Sendle – Evolution

Sendle product screenshots

Evolution of Sendle

While launching Sendle Dashboard was a big deal for us, it was only Day 1 for our customers. Now it was time to start testing our assumptions, get feedback and make improvements.

Creating feedback loops

The only way to strategically evolve a product is with good information. We used the following methods of gathering insights, feedback and identifying problems:

  1. Support and Sales channels
  2. Customer conversations
  3. Analytics and data interrogation
  4. Periodic customer surveys and NPS

That gave us a good range of qualitative and quantitative measures to work with to manage the product pipeline and inform individual projects. More importantly it was helpful in quantifying the scale of problems and requests so we could prioritise more impactful work.

Project – detailed tracking

Sendle launched with simple tracking but it was clear that both senders and receivers of parcels wanted as much information as possible about where their parcels were and when they'd arrive.

Aims

  • Keep users informed by displaying as much relevant tracking information as possible
  • Make tracking user friendly by translating industry jargon into 'natural' language and create some consistency across multiple couriers
  • Actively monitor for new tracking events to maintain the integrity of the system

The main measure of success was the reduction in support ticket relating to parcel location and ETA.

Solution

Dashboard Parcel Tracking

Sendle Dashboard parcel tracking step one
Sendle Dashboard parcel tracking step two
Sendle Dashboard parcel tracking step three

Receiver Parcel Tracking

Sendle receiver parcel tracking

Project – Easy Quoting

Sendle's pricing model is intentionally straight forward – a few weight categories and flat rates in almost all cases. Given this simplicity we wondered if users would even need a quote tool. Turns out the answer was overwhelmingly yes!

While getting a price was pretty easy it wasn't necessarily easy when talking to a customer on the phone for example. More than that though, people expected to have access to a quote tool – it was a must-have feature of the service.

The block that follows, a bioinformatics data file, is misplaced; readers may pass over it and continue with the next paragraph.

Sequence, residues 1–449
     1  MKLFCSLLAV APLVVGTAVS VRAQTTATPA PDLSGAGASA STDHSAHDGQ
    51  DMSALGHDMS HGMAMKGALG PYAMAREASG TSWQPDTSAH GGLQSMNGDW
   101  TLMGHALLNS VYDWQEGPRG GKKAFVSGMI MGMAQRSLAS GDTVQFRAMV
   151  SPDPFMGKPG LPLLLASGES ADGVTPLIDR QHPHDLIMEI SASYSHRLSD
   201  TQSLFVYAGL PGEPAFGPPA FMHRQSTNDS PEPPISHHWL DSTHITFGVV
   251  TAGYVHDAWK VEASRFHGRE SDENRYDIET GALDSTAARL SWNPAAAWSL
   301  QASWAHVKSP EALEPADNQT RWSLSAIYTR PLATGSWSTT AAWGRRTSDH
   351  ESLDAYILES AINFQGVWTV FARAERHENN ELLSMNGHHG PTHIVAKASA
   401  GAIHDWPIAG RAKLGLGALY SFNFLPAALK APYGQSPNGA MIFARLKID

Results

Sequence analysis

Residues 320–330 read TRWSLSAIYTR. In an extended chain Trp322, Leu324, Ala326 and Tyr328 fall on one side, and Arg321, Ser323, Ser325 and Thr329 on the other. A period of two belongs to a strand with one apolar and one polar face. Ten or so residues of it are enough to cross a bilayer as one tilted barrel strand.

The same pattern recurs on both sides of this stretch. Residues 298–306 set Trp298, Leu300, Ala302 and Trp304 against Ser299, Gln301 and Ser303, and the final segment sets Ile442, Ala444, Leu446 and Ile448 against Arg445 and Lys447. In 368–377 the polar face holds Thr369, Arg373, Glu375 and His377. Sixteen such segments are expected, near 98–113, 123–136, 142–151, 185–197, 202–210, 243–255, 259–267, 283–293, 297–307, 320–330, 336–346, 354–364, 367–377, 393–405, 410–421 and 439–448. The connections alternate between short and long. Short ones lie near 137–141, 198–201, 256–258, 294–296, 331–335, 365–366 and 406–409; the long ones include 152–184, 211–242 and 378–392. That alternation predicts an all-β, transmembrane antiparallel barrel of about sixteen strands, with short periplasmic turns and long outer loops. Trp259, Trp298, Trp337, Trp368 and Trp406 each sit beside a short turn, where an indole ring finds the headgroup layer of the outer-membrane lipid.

Aims

We set about creating an easy to use quoting tool with the following characteristics:

  • Returns a quote in as few keystrokes as possible – make it usable for someone who's on the phone to customer
  • Easy to create an order from a quote

The main measures of success were a reduction in support requests for quotes.

Solution

Sendle easy quoting step 1
Sendle easy quoting step 2
Sendle easy quoting step 3
Sendle easy quoting step 4

Future thinking

Iterative product development is very much the day-to-day work but periodically it's important for the health of a product and a business to challenge ourselves to solve the bigger, trickier, critical problems we are presented with. Ones that require more heads and benefit from stepping out of our daily work to think more creatively and collectively.

Design Thinking Workshop

Rather than sit around a table and endlessly debate ideas, we wanted an active, collaborative and effective way of using our time together. The perfect situation for a hands-on "Design Thinking" workshop.

We heavily utilised Google Ventures 'Product design sprint' and the Hyper Island Toolbox – two fantastic resources full of practical knowledge to help design and facilitate this kind of workshop.

Design Thinking workshop

Output

In only one day we managed to:

  • Articulate a range of challenges and opportunities
  • Re-map the user and parcel journey with our latest knowledge
  • Produce a new set of personas
  • Identify key areas of focus and generate potential solutions in each
  • Agree clear next steps in each area of the business.

The added benefit of this shared experience was more empathy for both our customers and each other.